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Tuesday, November 9, 2010

Mid-afternoon musings on marketing mid-century

We all have different takes on things, and one business philosophy is no more valid than another. I’ll concede that up front. I’ll also say that growing up in the 1950s and 60s has its drawbacks, as well as its advantages, when you become a seller of mid-century items.

On the upside, I recognize pieces from that era more readily than some younger sellers, because I grew up with them, giving me less homework to do. It is fairly easy for me to put things into two distinct groups: 1) the “In My Grandparents’/Parents’ Houses” category…in other words, 50s and 60s pieces bought by middle-aged adults who could afford to decorate well and 2) the “What Was I Thinking?” category, which encompasses a lot of the inexpensive 70s junk I decorated with as a newlywed because that’s all we could afford. (I also call that category “horrifica,” as opposed to “atomica.”) For some young sellers, it all looks the same…old.

On the downside, having those categories firmly in my head made me a pickier seller. My daughter argues, and not without merit, that many young buyers just want something cool and retro, not necessarily mid-century. Therefore, something from 1974 that looks like it was made out of Greg Brady’s pants (also her term) makes them just as happy as a top-quality piece from 1954. She contends that my philosophy limited our market, and I agree. It did.

I wanted our retail space to have a certain cachet…that of a shop carrying fine furnishings, not a flea market. Fortunately, my daughter has extensive merchandising experience from her years with Pier 1, so she arranged items in beautiful room vignettes which looked like snapshots of well-decorated MCM homes, rather than just throwing a mish-mash of unrelated items into a booth.

As a seller, I cared about more than the bottom line. I wanted us to make quality mid-century furniture affordable to anyone who appreciates it. Of course I also wanted to make money on what we sold, but if we found an extremely valuable piece at a rock-bottom price, I much preferred to tack on our usual markup and sell it to someone who wouldn’t ordinarily be able to afford a piece like that than to consign it to a gallery and have it sold at an obscenely high price.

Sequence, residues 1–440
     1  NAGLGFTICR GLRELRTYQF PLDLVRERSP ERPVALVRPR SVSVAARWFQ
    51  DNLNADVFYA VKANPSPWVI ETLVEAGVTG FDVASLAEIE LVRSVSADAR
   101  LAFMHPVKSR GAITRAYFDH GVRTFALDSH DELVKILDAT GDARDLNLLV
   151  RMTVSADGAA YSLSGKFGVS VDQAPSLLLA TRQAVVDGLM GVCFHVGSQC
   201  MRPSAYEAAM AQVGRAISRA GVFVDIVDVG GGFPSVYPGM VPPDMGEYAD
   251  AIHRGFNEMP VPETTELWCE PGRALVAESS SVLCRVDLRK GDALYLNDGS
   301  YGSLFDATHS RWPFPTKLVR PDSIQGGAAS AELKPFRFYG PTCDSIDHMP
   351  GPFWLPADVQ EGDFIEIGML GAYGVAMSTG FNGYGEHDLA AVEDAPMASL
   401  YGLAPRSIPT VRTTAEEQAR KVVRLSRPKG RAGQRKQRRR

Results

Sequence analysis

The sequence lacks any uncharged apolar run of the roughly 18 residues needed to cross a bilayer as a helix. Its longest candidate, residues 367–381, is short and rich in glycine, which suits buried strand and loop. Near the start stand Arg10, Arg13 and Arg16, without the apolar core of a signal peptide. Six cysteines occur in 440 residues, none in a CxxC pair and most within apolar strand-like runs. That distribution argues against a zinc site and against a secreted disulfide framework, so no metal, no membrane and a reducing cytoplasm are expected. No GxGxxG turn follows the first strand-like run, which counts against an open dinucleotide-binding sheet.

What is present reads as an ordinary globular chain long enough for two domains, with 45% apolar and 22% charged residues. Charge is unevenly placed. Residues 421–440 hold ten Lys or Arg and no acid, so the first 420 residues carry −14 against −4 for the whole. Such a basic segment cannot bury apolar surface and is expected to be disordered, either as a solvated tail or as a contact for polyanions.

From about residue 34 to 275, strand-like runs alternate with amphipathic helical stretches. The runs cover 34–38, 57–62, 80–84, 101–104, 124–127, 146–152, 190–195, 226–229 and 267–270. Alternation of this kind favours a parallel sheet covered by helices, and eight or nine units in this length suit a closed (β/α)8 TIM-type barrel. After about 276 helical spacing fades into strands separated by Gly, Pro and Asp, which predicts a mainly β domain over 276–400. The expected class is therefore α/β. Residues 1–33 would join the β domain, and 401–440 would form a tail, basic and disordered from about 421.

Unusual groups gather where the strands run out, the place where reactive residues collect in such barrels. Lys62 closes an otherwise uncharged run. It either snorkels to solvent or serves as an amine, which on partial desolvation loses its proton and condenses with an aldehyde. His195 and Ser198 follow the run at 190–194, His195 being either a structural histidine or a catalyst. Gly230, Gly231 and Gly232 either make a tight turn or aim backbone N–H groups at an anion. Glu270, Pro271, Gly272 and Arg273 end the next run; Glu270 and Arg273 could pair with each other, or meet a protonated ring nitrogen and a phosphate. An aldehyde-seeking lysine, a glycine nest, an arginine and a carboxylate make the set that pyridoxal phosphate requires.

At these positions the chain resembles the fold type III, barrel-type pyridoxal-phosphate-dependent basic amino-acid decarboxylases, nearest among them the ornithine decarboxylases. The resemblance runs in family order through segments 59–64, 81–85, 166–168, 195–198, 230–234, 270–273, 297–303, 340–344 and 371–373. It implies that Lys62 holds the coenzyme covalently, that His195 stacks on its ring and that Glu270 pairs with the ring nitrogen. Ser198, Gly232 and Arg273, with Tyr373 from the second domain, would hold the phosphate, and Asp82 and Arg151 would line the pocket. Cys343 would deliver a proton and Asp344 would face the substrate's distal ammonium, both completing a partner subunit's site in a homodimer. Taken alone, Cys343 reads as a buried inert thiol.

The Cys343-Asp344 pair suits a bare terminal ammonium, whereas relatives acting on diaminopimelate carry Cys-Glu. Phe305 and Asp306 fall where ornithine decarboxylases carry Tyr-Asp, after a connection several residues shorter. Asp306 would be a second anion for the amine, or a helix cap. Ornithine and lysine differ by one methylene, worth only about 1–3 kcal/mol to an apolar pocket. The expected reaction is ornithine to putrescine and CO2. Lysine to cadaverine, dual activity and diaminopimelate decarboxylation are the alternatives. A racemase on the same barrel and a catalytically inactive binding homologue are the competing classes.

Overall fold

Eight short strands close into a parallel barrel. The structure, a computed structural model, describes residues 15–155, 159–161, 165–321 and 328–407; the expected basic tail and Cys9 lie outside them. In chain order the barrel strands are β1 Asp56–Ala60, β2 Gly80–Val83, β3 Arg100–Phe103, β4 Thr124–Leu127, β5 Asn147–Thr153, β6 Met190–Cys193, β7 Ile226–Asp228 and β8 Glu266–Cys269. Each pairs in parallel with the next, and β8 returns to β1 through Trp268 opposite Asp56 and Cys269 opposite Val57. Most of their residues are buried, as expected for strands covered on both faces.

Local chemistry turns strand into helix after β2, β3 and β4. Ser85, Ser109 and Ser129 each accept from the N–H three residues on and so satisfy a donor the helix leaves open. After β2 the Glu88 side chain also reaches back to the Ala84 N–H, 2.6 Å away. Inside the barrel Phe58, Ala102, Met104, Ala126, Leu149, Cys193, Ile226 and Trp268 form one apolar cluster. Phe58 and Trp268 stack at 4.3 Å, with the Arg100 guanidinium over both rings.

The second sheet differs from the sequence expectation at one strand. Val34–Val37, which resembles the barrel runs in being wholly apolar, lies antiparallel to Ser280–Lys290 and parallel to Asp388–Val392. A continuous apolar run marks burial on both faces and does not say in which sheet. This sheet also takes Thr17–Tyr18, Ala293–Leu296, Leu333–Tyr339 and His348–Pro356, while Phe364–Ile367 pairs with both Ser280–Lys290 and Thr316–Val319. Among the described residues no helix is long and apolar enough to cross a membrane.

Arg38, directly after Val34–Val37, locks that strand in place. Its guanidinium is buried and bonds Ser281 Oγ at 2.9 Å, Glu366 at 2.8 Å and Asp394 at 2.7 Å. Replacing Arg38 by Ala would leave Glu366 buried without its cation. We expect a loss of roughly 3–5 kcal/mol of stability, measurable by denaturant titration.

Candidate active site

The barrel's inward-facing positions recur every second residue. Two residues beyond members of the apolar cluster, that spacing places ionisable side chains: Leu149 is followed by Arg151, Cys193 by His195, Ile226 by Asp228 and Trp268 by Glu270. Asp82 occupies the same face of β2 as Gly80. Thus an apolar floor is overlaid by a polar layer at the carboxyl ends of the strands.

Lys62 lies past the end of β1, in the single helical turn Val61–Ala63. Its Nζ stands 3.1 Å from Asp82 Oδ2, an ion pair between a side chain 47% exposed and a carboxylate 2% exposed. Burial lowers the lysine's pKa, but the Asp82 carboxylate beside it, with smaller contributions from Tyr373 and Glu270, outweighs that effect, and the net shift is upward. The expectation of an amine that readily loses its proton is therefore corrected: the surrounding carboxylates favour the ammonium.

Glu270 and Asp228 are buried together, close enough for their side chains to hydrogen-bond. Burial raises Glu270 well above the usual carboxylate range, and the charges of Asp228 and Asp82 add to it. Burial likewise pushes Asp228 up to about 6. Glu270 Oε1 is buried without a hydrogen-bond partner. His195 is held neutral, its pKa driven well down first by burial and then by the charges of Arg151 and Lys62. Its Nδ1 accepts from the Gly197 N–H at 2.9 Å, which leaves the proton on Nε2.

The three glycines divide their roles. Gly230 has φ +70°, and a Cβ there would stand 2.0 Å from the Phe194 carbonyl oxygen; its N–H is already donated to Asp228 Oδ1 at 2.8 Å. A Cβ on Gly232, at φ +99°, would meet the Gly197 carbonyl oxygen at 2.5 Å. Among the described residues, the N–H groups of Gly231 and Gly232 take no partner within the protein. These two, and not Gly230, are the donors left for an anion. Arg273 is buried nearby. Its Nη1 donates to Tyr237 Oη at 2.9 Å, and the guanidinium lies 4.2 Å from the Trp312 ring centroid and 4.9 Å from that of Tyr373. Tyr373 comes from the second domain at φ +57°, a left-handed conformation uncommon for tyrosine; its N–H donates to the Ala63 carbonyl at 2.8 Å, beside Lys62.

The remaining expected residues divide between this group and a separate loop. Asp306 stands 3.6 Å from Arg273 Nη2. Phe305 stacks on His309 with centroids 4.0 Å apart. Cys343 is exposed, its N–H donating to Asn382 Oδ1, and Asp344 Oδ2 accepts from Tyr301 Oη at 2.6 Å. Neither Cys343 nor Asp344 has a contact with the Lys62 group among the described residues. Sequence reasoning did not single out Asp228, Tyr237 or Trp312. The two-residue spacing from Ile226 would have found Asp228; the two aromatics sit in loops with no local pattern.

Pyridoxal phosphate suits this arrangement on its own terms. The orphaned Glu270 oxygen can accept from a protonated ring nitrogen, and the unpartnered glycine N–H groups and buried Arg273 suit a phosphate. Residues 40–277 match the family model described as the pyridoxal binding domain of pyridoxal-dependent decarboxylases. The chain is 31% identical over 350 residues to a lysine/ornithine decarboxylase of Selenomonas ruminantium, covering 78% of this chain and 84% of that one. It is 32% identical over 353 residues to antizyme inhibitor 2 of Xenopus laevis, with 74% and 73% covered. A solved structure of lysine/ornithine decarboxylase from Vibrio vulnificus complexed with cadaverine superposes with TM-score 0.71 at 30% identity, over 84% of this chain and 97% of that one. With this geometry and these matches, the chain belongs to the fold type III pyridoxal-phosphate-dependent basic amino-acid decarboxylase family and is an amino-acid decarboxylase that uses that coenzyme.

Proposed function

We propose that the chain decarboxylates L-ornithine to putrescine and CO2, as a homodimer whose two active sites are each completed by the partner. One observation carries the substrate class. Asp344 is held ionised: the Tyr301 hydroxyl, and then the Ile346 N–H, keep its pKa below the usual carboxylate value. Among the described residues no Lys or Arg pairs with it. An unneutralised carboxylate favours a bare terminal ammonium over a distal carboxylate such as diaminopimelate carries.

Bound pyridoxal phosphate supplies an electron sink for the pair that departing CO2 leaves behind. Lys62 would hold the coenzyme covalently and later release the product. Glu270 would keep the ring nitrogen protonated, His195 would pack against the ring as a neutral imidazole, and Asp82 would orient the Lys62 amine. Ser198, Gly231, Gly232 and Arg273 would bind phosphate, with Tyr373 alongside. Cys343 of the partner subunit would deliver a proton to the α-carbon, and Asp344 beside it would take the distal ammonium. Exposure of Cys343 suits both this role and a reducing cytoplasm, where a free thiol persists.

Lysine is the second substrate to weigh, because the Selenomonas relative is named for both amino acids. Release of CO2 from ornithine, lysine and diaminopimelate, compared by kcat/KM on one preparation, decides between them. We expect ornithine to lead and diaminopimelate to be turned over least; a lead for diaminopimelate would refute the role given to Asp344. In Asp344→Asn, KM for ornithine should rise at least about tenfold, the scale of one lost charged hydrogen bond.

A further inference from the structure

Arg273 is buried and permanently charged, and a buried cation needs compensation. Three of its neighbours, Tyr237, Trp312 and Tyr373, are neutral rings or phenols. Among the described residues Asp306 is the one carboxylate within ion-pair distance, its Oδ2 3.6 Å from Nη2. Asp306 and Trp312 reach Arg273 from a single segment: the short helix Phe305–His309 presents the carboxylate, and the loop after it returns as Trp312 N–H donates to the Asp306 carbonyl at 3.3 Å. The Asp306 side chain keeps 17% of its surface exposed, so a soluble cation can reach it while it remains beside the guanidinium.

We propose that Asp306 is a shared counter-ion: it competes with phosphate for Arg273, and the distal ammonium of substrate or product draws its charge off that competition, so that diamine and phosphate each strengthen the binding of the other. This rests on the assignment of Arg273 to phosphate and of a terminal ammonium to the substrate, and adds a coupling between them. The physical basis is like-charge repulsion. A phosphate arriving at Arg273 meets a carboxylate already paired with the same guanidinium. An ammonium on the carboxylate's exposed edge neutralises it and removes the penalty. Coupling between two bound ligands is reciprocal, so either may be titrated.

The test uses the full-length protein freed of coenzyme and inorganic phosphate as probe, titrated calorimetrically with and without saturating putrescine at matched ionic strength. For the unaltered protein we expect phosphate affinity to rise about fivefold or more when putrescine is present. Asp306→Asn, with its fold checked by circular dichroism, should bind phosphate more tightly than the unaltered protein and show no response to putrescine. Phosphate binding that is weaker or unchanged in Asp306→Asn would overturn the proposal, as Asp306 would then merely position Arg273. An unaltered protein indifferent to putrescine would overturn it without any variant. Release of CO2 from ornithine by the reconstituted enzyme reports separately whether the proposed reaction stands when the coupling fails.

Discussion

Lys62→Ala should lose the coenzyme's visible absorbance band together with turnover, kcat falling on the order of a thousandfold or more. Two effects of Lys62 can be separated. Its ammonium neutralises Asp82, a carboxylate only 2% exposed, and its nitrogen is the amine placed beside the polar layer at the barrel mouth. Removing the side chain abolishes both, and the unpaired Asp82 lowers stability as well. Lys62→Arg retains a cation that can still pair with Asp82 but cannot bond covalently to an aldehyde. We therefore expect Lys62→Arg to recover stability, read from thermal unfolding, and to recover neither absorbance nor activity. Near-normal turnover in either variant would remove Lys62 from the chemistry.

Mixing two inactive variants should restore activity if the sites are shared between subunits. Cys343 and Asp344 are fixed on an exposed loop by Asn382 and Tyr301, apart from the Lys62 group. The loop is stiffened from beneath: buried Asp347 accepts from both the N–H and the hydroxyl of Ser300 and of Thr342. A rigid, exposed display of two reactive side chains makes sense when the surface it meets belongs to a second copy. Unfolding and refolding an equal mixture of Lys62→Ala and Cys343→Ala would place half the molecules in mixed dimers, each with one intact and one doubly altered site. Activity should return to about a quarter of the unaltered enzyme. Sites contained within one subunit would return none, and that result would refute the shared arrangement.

This philosophy of selling mid-century furnishings didn’t exactly make us high-volume sellers. I know quite a few sellers who have a much higher turnover of merchandise than we had, but I was always proud of every piece we put on the floor, and I knew that everything we sold was going to a new home where it would be treasured…not tossed when the Mad Men craze runs its course.

With all that in mind, I wonder if my son-in-law will have second thoughts about starting another business when he reads this. :)


  1. Guess I'm old school too. To me, "mid-century" means, the late 1940's-early 1960's. The Brady Pants deal was a whole other style. The mod, hippy psychedelic era. It's defined by a completely different set of colors and icons and materials. The late 60's - early 80's.

    And the late 60's is past "mid-century", that's more "post mid-century". "Three-quarters century".

    But... I see others who call this "mid-century", so there you go. =)

  2. I see the line of demarcation between the early 60s and the late 60s very clearly, because 1968 was the year I decorated my first apartment. I thought my parents' and grandparents' furniture was hideously old-fashioned and wanted my art Peter Maxish and my furnishings "mod." In the early 70s, I wanted Spanish-style, meaning gold crushed velvet and a big conquistador picture. Now I'd give anything for my grandmother's low, sleek sofa and her fiberglass lamp shades, as well as my parents' blonde coffee/end tables and room divider.

  3. I think you always have to have your standards as far as your retail store goes. I do think there is a difference between an antique mall space and your own space. I also think that the problem we had originally wasn't the quality (or lack thereof) of the furniture. It was the traffic and location.

    With all of that said... I haven't changed my mind. :)